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Corneoscleral rim cultures: lack of utility and implications for clinical decision-making and infection prevention in the care of patients undergoing corneal transplantation.

Publication ,  Journal Article
Everts, RJ; Fowler, WC; Chang, DH; Reller, LB
Published in: Cornea
August 2001

PURPOSE: To assess the utility of donor corneoscleral rim cultures. METHODS: A retrospective review of the culture results of 774 corneoscleral rims that remained after trephination of corneas for transplantation into patients at our academic medical center between January 1992 and November 1997. RESULTS: Forty-one (5.3%) corneoscleral rim cultures yielded microorganisms, mostly coagulase-negative staphylococci. Two patients developed endophthalmitis (one with Staphylococcus aureus and one with Pseudomonas aeruginosa) within 3 months after transplantation; each had a negative corneoscleral rim culture and neither patient's infection was temporally related to the transplant procedure. CONCLUSIONS: Preoperative donor corneoscleral rim cultures are unreliable predictors of endophthalmitis complicating corneal transplantation and, therefore, are not useful in the clinical management of patients having corneal transplants. Moreover, the discrepancy between the results of corneoscleral rim cultures and subsequent endophthalmitis renders them invalid as a quality assurance procedure. Instead, for patients with suspected endophthalmitis after corneal transplantation, we recommend that corneal surgeons select antimicrobial therapy based on current guidelines and the results of directed sampling. Furthermore, eye banks should prospectively track recipients who develop clinical endophthalmitis, immediately notify the corneal surgeon who transplanted the matched cornea of that used for the index case, and, in selected situations, attempt to identify a possible source of contamination.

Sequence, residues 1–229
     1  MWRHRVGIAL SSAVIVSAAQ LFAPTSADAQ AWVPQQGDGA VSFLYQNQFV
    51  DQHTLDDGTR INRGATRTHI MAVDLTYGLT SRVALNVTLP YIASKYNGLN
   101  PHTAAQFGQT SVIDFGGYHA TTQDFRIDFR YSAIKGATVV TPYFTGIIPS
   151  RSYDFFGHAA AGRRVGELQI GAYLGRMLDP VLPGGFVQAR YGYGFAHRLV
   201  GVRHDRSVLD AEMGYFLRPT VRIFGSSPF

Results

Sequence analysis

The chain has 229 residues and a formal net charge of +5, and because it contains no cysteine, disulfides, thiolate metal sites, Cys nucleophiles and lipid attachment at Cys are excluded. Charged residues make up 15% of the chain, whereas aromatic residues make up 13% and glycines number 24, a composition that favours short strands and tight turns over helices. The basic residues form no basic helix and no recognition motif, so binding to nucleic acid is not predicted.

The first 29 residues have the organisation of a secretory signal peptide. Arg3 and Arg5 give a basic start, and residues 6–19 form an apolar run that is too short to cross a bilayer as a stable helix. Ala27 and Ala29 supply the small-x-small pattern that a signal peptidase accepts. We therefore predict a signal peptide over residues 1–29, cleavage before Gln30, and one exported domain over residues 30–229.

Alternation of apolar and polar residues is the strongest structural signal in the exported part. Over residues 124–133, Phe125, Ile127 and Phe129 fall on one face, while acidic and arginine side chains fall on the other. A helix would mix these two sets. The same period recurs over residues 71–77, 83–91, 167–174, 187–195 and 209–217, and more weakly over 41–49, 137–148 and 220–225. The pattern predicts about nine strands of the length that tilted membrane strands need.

Duke Scholars

Published In

Cornea

DOI

ISSN

0277-3740

Publication Date

August 2001

Volume

20

Issue

6

Start / End Page

586 / 589

Location

United States

Related Subject Headings

  • Sclera
  • Retrospective Studies
  • Quality Control
  • Quality Assurance, Health Care
  • Ophthalmology & Optometry
  • Humans
  • Eye Infections, Bacterial
  • Eye Banks
  • Endophthalmitis
  • Decision Making
 

Citation

APA
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ICMJE
MLA
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Everts, R. J., Fowler, W. C., Chang, D. H., & Reller, L. B. (2001). Corneoscleral rim cultures: lack of utility and implications for clinical decision-making and infection prevention in the care of patients undergoing corneal transplantation. Cornea, 20(6), 586–589. https://doi.org/10.1097/00003226-200108000-00006
Everts, R. J., W. C. Fowler, D. H. Chang, and L. B. Reller. “Corneoscleral rim cultures: lack of utility and implications for clinical decision-making and infection prevention in the care of patients undergoing corneal transplantation.Cornea 20, no. 6 (August 2001): 586–89. https://doi.org/10.1097/00003226-200108000-00006.
Everts, R. J., et al. “Corneoscleral rim cultures: lack of utility and implications for clinical decision-making and infection prevention in the care of patients undergoing corneal transplantation.Cornea, vol. 20, no. 6, Aug. 2001, pp. 586–89. Pubmed, doi:10.1097/00003226-200108000-00006.

Published In

Cornea

DOI

ISSN

0277-3740

Publication Date

August 2001

Volume

20

Issue

6

Start / End Page

586 / 589

Location

United States

Related Subject Headings

  • Sclera
  • Retrospective Studies
  • Quality Control
  • Quality Assurance, Health Care
  • Ophthalmology & Optometry
  • Humans
  • Eye Infections, Bacterial
  • Eye Banks
  • Endophthalmitis
  • Decision Making